Shreyans explains they realised the dwindling healthcare situation after extensive research spanning three years across 800 villages of Rajasthan, MP, UP, and Bihar (with the team visiting various community and primary health care centres and hospitals, and interacting with thousands of people on the ground). The duo encountered two failed pilots before identifying major challenges with respect to healthcare. They began developing MedCords in late 2016, and went live in May 2017. 

“For every population of 1800, there is one pharmacy. In total, there are 1.6 million pharmacies that cater to 50 million of the population in India. In the smaller cities and villages where healthcare facilities are limited, the local pharmacies are the best alternative or as they are called colloquially there, ‘aadha doctor’ (half a doctor),” says Shreyans. 

Building the pharmacies 

Making these pharmacies digital helped in making them a last-mile access point for these patients. Now, the stores could convert themselves as e-clinic without any extra cost as well as get doctor consultations for patients in smaller cities and villages without patients having to necessarily travel long distances for consultations.

The advantages of Sehat Saathi is that it is an:

  1. Asset-light business model built to scale
  2. No cost of inventory and logistics; end-to-end tech enabled ecosystem
  3. State-of-the-art technology and in-house product development with minimal dependence on external vendors
  4. Completely tech and marketing oriented with no cost of operation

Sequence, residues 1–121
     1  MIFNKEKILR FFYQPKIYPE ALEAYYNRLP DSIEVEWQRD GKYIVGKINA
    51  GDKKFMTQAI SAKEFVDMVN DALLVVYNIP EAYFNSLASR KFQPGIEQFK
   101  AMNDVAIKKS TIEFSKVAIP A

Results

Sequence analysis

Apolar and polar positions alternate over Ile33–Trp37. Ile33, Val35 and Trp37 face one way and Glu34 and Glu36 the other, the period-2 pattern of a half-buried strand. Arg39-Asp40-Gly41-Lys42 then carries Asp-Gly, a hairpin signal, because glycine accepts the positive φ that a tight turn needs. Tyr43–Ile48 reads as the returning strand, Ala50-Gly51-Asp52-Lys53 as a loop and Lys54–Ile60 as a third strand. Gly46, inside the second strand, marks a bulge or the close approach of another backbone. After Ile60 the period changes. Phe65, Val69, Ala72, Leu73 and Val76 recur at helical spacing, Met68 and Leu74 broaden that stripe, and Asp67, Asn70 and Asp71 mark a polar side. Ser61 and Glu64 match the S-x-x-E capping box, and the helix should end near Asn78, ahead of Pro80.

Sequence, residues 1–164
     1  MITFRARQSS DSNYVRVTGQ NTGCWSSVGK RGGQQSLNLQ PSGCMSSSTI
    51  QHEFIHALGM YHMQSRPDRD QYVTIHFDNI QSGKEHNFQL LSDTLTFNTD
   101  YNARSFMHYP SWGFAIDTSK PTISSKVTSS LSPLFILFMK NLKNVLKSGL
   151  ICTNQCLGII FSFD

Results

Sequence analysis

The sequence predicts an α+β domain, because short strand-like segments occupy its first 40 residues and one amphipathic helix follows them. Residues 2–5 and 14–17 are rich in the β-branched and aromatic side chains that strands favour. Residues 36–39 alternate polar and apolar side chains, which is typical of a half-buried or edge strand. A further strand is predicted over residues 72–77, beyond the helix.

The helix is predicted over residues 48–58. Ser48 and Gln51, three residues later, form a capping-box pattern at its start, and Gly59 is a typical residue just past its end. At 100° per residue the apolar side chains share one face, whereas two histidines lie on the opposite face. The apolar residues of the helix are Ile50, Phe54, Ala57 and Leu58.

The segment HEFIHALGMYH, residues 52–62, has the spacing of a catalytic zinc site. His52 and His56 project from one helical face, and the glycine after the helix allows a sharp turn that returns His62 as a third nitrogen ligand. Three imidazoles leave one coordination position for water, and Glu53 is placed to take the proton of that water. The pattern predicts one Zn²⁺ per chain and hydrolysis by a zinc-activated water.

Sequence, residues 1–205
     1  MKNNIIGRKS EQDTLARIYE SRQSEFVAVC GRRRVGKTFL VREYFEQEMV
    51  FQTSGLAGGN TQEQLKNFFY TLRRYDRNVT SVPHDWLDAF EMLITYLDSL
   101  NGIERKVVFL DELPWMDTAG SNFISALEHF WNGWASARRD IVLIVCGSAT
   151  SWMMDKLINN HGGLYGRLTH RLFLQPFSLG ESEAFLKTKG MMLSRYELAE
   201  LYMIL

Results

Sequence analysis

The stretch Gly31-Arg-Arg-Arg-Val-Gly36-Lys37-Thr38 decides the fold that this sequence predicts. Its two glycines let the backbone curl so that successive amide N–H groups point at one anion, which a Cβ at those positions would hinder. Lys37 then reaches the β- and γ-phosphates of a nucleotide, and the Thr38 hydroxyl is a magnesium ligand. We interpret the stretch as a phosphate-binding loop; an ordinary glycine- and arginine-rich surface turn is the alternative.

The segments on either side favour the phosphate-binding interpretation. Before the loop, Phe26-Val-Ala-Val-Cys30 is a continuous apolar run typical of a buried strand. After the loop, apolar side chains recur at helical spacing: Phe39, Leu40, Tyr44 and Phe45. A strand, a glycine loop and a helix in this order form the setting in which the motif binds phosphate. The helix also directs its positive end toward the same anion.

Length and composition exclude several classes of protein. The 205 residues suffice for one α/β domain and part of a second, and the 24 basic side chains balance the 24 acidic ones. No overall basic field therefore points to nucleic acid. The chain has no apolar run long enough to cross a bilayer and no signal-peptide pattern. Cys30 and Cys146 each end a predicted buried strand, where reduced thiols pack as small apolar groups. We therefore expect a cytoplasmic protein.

How does it work?

“Currently, we are targeting 1.6 million retail medical stores. In the current ecosystem, one medical store exists for a population of 1800 throughout India. Retail pharmacies are the key clients for Sehat Sathi. We don’t charge anything from these pharmacies, and they are our brand ambassadors who recommend doctors on the platform, help build trust in the entire ecosystem to help more people start using the platform,” says Shreyans

According to Shreyans, Sehat Sathi has been designed such that it caters to all the needs to help digitise and develop the medical store business. The platform - 

  1. Connects customers to relevant stakeholders in their area to fulfill their medicine delivery orders through Aayu (partner app for consumers).
  2. Becomes an e-clinic and provides online consultation with doctors
  3. Helps these medical stores stock medicines direct from the distributors 
  4. Helps with loans for pharmacy expansion 
  5. Has several big brands like Beardo, Oziva, and Himalaya partner with the pharmacies 

Covid impact 

When several e-pharmacies were semi-operational during the peak of the pandemic, these physical pharmacies were the go-to point for everyone